March 24,1892 to June 1, 1952
He was born in Peckham and died in Greenford Middlesex.
70 Elsinore Road, Forest Hill
Horace Valentine Fuller worked as a clerk and was single at the time of his tribunal hearing. He was a Congregationalist, a member of the Dulwich Branch of the No-Conscription Fellowship and the Fellowship of Reconciliation.
Conscientious Objection during the First World War
His appearance before the Military Service Tribunal was reported in the Lewisham Borough News on March 17, 1916. He said he had attended Torridon Road Congregational Church, until the sermons preached there had become too militant, and he now attended Trinity Congregational Church. He was refused a certificate of exemption and said he would appeal.
He was conscripted into the 10th London Regiment and was court martialled for the first time on June 13, 1916, when he was sentenced to nine-months hard labour. On August 4 he was accepted as a genuine conscientious objector by the Central Tribunal at Wormwood Scrubs. He was not, however, given an unconditional exemption, but was sent instead to road mending at Risbridge House, Clare, Kedington, West Suffolk under the Home Office Scheme. He spent nine months working under the Home Office Scheme, but eventually he rejected and was in turn rejected by the scheme. He was returned to his regiment where he again disobeyed orders and faced two further courts martial and further imprisonment.
He was by now an absolutist believing that any alternative service supported the war effort and conscription as well. He was supported in his stand by membership of the No Conscription Fellowship and the Fellowship of Reconciliation.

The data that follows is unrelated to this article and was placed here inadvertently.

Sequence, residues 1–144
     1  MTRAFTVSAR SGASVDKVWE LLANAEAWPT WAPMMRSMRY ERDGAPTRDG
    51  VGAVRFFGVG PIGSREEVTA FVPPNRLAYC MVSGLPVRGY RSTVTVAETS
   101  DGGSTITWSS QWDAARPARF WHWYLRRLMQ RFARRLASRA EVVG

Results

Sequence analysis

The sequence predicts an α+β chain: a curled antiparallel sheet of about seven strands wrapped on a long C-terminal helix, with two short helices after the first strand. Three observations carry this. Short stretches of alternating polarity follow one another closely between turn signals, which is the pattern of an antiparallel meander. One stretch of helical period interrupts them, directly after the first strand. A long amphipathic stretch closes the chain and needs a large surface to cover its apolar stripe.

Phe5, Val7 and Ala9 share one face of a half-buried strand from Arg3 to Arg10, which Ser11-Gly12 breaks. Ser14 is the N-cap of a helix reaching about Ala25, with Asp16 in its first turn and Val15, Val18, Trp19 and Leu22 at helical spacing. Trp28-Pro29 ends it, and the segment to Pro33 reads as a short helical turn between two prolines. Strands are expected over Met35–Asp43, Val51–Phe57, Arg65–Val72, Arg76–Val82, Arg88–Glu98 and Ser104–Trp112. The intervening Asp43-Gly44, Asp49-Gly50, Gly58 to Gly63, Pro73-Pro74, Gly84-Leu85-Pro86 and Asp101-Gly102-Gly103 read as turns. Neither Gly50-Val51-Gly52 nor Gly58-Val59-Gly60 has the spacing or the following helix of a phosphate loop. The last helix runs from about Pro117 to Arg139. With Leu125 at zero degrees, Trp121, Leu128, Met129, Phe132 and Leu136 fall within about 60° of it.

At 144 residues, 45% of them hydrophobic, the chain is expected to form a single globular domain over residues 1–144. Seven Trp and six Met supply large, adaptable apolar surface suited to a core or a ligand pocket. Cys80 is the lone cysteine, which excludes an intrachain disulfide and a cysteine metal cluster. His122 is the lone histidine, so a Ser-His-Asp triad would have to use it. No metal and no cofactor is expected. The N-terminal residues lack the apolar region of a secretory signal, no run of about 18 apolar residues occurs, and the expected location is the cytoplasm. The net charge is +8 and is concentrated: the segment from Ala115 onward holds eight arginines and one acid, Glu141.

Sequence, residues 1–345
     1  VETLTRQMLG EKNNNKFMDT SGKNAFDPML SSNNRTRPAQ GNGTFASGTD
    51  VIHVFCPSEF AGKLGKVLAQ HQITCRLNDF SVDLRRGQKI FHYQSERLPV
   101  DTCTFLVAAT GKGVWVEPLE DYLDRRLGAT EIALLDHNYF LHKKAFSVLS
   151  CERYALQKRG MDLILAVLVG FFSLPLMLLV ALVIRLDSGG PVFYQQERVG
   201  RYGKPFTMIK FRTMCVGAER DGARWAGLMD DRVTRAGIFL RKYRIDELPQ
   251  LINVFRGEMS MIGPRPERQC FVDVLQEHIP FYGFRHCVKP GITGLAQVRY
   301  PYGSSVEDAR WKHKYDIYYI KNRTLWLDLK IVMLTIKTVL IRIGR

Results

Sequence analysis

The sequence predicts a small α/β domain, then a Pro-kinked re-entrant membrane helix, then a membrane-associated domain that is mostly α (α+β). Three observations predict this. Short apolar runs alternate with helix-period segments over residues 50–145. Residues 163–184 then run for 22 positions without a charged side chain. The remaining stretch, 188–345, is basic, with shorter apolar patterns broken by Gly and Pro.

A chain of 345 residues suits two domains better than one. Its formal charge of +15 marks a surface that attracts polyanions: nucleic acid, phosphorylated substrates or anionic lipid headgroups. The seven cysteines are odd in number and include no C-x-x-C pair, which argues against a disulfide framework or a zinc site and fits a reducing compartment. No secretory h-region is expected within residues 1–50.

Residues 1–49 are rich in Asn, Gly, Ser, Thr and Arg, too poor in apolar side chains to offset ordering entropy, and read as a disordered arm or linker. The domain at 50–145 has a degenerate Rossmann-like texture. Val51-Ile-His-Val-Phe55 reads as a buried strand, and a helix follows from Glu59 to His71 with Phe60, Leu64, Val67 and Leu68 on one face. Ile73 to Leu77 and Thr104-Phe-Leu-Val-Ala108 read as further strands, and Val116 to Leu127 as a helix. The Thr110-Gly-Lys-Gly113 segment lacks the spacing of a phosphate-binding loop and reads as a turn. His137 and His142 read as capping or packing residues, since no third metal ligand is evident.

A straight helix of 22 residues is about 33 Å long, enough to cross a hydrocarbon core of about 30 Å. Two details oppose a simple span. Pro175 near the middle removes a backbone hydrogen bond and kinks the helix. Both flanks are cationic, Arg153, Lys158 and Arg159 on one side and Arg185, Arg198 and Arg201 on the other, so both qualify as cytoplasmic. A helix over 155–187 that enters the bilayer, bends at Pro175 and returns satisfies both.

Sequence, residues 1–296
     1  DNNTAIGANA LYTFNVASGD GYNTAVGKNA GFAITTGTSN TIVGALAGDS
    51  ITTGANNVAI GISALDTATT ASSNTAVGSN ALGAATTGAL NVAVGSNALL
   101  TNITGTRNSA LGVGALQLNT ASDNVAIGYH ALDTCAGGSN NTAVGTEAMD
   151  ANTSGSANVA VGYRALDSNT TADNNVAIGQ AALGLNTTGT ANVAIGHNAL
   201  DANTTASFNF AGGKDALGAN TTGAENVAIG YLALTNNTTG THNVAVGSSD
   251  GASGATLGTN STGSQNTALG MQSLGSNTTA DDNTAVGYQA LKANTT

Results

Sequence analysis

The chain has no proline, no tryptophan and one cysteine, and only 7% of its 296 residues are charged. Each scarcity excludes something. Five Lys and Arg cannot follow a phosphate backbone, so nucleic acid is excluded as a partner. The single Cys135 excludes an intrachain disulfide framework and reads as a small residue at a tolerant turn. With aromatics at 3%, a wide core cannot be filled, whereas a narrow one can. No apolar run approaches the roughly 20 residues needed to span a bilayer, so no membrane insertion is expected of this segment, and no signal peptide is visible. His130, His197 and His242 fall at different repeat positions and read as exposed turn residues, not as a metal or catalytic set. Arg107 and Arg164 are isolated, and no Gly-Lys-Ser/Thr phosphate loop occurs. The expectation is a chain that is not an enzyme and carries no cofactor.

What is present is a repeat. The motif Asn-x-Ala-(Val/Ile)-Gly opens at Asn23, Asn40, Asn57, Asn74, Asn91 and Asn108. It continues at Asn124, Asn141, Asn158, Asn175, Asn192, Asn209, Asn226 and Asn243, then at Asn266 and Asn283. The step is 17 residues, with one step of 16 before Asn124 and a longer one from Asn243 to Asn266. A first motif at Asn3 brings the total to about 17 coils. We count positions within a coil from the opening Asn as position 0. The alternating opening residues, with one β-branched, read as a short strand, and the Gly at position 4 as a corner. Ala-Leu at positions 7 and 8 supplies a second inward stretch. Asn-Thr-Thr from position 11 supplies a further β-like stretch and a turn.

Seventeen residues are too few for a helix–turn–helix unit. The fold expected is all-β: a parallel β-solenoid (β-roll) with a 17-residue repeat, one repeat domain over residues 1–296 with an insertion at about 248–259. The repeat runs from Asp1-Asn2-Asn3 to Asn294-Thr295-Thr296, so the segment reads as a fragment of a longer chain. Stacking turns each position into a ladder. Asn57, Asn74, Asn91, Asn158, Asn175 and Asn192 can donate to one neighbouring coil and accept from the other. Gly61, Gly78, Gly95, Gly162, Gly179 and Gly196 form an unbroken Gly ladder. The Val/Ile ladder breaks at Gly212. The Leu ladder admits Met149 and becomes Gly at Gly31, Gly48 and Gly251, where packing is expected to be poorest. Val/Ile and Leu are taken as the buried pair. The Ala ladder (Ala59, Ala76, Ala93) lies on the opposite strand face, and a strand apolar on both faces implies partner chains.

While in Wandsworth prison he was involved in organising a protest against capital punishment, the part he played was told by Edward Harby in a letter to Clare Cole, (January 18, 1918):
"Have you heard of the protest against Capital Punishment which Comrade Dormer of Woolwich and myself have been trying to organise at Wandsworth? Comrade Fuller of Forest Hill has taken part of the organising over and if the original proposals were acted upon all COs would have applied last Thursday for permission to petition the Home Secretary for the reprieve of the unfortunate man now in Wandsworth Prison waiting to hanged.
"Should the reprieve be refused, then I want to see a work strike on the day of the hanging, which would be in about three weeks' time."
Horace was received into membership of the Kingston Quaker Monthly meeting on June 19, 1918. He was released in April 1919 under what became known as the “Two Year Rule”, whereby all prisoners convicted of army offences were released if they had served two years or more. When Horace was released, as with all others in this situation, he was dishonourably discharged from the army and was told that he faced another two years in prison if he tried to sign up again!
He was supported in his stand by membership of the No Conscription Fellowship, Dulwich Branch and the Fellowship of Reconciliation.
After the First World War
He married Henrietta Charlotte Light Abbott on September 11, 1926, She was the sister of another conscientious objector and Quaker George Stevens Abbott (1888-1969).
Cyril Pearce, University of Leeds, Pearce Register of British Conscientious Objectors
Lewisham Borough News March 17, 1916
Dulwich N-C.F What are Conscientious Objectors? July 1917 in the Cumbria Archive Centre ref:D/Mar/4/97
Clare Cole, The Objectors to Conscription and War, published Manchester: Workers' Northern Publishing Society, 1936
Ann O'Brien, Volunteer at Lewisham Local History and Archives Centre, May 2014
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